Knapp, ACM 37718, slip op. at 11. But the CCA affirmed anyway, finding no prejudice due to the “inconsistencies and contradictions” in Appellant’s statements during the interrogation and the general instruction given to the members that they were responsible for evaluating the credibility of the witnesses. The CCA also cited the Defense’s “‘false coerced confession’ strategy” in its conclusion finding no prejudice. Id., slip op. at 12.

CAAF then grated review of a three-part issue:

Whether the military judge (1) plainly erred by initially allowing “human lie detector” testimony, (2) abused his discretion by allowing further admission of “human lie detector” testimony, over defense objection, and (3) erred by not providing a curative instruction on the “human lie detector” testimony.

Read more »

Last week CAAF granted review in the Air Force case of United States v. Knapp II, No. 13-0512, (CCA opinion here) that involves the awesome powers of the “human lie detector,” with the following issue:

Whether the military judge (1) plainly erred by initially allowing “human lie detector” testimony, (2) abused his discretion by allowing further admission of “human lie detector” testimony, over defense objection, and (3) erred by not providing a curative instruction on the “human lie detector” testimony.

Appellant was convicted by a general court-martial composed of officer and enlisted members of aggravated sexual assault in violation of Article 120 (2006) for engaging in sexual intercourse with a female Airman while she was substantially incapacitated by alcohol. He was sentenced to confinement for 3 years, total forfeitures, reduction to E-1, a reprimand, and a dishonorable discharge.

Before trial, Appellant was interrogated by the Air Force Office of Special Investigations (AFOSI). Appellant initially stated that he had consensual sexual intercourse with the female Airman. But as the interrogation progressed over the course of a few hours, Appellant eventually admitted that the victim was unconscious when he began having sex with her. At trial, the Defense tried to show that this later admission was false, caused by AFOSI’s interrogation techniques. But an AFOSI investigator – “Agent P” – testified at trial about many “nonverbal cues” given by Appellant during the earlier, exculpatory part of his interrogation, and explained, “That is indicating to me that there is some form of deception going on.” Knapp, ACM 37718, slip op. at 7 (A.F.Ct.Crim.App. Mar. 20, 2013) (unpublished). Eventually the Defense specifically objected to “human lie detector” testimony from the agent, but the judge overruled the objection and then gave no specific instructions about such testimony.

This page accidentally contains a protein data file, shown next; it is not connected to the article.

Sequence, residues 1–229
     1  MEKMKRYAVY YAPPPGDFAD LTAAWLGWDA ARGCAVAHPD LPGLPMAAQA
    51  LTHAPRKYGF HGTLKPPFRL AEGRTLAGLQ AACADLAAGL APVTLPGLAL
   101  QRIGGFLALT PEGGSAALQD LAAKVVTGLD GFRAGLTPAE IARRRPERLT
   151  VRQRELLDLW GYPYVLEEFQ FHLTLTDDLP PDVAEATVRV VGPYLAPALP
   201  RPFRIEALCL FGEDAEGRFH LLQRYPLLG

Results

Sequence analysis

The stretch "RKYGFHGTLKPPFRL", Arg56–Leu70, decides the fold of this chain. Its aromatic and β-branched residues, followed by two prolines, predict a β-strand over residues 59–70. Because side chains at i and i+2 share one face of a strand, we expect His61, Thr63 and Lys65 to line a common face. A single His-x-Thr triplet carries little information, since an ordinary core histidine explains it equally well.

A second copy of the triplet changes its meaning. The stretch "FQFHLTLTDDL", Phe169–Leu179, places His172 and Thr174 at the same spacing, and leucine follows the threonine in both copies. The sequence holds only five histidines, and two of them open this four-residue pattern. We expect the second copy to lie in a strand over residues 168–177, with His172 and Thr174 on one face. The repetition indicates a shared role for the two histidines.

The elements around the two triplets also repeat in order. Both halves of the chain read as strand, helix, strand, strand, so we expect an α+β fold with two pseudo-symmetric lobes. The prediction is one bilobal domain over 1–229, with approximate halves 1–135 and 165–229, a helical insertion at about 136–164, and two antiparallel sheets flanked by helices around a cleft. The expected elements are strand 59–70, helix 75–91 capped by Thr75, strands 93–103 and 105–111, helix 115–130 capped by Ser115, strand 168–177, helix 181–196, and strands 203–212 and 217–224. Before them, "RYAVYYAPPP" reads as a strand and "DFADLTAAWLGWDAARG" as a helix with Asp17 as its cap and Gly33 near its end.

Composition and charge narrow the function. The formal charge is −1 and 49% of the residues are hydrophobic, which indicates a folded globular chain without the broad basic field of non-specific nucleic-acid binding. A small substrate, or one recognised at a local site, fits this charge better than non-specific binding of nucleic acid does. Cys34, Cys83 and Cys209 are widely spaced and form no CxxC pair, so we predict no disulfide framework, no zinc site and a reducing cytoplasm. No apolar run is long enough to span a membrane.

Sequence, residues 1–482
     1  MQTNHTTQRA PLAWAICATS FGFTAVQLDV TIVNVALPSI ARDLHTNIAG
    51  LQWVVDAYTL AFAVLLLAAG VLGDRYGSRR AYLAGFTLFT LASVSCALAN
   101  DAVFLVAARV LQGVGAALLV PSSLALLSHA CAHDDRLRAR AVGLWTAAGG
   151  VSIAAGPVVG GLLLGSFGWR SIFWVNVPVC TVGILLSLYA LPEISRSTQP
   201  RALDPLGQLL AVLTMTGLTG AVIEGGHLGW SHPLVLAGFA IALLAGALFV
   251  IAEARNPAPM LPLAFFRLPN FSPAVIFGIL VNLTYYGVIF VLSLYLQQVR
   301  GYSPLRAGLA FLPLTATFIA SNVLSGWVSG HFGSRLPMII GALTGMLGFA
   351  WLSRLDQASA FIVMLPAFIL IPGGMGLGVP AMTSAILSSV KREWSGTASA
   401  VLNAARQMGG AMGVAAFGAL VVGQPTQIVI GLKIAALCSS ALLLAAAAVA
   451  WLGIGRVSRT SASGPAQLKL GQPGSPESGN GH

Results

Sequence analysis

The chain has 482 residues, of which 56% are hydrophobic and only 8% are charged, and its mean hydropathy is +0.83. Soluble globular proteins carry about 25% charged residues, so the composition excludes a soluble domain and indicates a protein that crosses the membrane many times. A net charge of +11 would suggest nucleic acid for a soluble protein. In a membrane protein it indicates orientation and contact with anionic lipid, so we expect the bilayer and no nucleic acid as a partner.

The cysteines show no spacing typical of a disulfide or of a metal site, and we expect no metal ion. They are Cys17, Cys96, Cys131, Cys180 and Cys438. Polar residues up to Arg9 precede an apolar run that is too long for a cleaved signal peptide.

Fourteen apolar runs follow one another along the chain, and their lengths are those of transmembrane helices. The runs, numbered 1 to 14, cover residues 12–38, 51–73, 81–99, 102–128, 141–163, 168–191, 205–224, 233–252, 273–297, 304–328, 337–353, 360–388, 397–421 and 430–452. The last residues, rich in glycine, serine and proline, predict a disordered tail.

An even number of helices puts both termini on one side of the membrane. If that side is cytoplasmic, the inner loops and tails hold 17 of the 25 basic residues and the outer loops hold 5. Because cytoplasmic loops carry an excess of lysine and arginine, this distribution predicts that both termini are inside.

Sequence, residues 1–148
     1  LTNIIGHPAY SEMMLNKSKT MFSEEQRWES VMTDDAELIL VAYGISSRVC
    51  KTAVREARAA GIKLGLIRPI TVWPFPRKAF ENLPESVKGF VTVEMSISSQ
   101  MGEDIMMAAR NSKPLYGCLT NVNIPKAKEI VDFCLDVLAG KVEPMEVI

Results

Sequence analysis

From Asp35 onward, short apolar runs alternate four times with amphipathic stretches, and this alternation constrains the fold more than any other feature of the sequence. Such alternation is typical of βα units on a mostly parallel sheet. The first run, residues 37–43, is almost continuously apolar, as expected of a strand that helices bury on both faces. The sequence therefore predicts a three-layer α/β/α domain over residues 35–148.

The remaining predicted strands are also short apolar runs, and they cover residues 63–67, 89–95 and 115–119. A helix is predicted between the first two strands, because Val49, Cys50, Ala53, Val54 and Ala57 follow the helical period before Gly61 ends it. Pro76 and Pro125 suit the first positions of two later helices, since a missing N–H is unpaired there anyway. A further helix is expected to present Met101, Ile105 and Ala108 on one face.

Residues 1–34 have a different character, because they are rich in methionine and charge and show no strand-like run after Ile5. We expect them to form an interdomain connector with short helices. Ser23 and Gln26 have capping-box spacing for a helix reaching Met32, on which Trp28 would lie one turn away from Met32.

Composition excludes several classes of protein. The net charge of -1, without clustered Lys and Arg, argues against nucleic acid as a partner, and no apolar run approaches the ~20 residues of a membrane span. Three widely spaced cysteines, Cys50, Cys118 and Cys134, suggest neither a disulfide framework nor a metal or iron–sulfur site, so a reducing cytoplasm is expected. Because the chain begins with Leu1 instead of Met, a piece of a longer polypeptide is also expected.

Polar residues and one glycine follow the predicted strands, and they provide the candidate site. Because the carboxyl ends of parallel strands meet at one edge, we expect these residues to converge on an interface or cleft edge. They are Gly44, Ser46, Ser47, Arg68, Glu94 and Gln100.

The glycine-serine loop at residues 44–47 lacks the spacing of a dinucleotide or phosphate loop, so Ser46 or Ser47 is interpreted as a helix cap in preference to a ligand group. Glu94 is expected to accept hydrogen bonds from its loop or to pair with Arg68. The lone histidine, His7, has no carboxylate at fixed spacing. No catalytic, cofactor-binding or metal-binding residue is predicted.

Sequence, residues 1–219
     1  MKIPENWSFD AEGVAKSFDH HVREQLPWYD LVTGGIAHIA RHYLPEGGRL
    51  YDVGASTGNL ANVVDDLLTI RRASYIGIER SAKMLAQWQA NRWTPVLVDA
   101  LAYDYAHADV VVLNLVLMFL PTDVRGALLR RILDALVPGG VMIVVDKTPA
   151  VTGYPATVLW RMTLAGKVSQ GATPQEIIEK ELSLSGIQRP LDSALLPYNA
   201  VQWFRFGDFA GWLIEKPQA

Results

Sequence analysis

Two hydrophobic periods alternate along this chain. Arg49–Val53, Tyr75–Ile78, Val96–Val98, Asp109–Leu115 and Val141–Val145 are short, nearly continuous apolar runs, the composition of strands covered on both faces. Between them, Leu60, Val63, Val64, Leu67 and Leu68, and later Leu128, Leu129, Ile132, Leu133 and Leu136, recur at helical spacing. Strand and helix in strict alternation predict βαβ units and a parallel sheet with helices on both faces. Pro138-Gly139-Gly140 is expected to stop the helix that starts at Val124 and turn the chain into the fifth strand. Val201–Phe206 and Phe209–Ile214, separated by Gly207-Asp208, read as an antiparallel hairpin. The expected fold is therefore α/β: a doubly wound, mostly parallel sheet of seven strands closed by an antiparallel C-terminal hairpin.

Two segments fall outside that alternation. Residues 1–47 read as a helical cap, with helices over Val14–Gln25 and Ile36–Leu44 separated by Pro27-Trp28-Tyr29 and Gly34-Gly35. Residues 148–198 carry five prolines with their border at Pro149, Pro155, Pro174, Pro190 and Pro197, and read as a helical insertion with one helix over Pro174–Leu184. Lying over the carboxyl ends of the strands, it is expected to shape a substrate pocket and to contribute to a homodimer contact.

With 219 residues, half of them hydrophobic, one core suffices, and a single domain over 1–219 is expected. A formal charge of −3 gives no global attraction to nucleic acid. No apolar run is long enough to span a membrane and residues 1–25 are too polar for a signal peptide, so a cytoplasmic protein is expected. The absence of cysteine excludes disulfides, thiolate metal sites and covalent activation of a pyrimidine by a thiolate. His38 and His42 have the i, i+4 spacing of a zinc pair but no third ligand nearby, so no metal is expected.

The AFCCA found error, noting:

What the trial counsel elicited, however, was that these actions by the appellant constitute “nonverbal discrepancies” or “cues” which AFOSI agents are “trained” to recognize. Although the agent was not specifically asked to provide his opinion about the truth or falsity of the appellant’s statements, we find that his overall testimony indicated he could tell the appellant was lying based on the appellant’s physical reactions, and we thus find error.

Knapp, ACM 37718, slip op. at 11. But the CCA affirmed anyway, finding no prejudice due to the “inconsistencies and contradictions” in Appellant’s statements during the interrogation and the general instruction given to the members that they were responsible for evaluating the credibility of the witnesses. The CCA also cited the Defense’s “‘false coerced confession’ strategy” in its conclusion about there being no prejudice. Id., slip op. at 12.

The facts of this case are remarkably similar to another Air Force case involving testimony from an AFOSI agent about indicators of truthfulness that was decided by CAAF a decade ago: United States v. Kasper, 58 M.J. 314 (C.A.A.F. 2003) (opinion). In Kasper, CAAF found prejudicial error and reversed in an opinion authored by then-Judge Effron and joined by then-Judge Baker and Judge Erdmann. As CAAF still has a vacancy, we’ll watch to see if Senior Judge Effron is asked to participate in this case, giving Chief Judge Baker, Senior Judge Effron, and Judge Erdmann another opportunity to discuss the propriety of a law enforcement officer testifying about “training” to recognize untruthfulness through “nonverbal discrepancies” or “cues.”